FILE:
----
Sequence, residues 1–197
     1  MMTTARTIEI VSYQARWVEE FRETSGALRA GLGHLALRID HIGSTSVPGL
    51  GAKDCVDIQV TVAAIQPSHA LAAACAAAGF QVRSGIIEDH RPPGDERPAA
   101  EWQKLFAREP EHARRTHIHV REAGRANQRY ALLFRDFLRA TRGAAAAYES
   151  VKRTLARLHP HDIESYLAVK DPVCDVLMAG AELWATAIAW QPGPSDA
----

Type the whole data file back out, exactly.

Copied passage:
Sequence, residues 1–197
     1  MMTTARTIEI VSYQARWVEE FRETSGALRA GLGHLALRID HIGSTSVPGL
    51  GAKDCVDIQV TVAAIQPSHA LAAACAAAGF QVRSGIIEDH RPPGDERPAA
   101  EWQKLFAREP EHARRTHIHV REAGRANQRY ALLFRDFLRA TRGAAAAYES
   151  VKRTLARLHP HDIESYLAVK DPVCDVLMAG AELWATAIAW QPGPSDA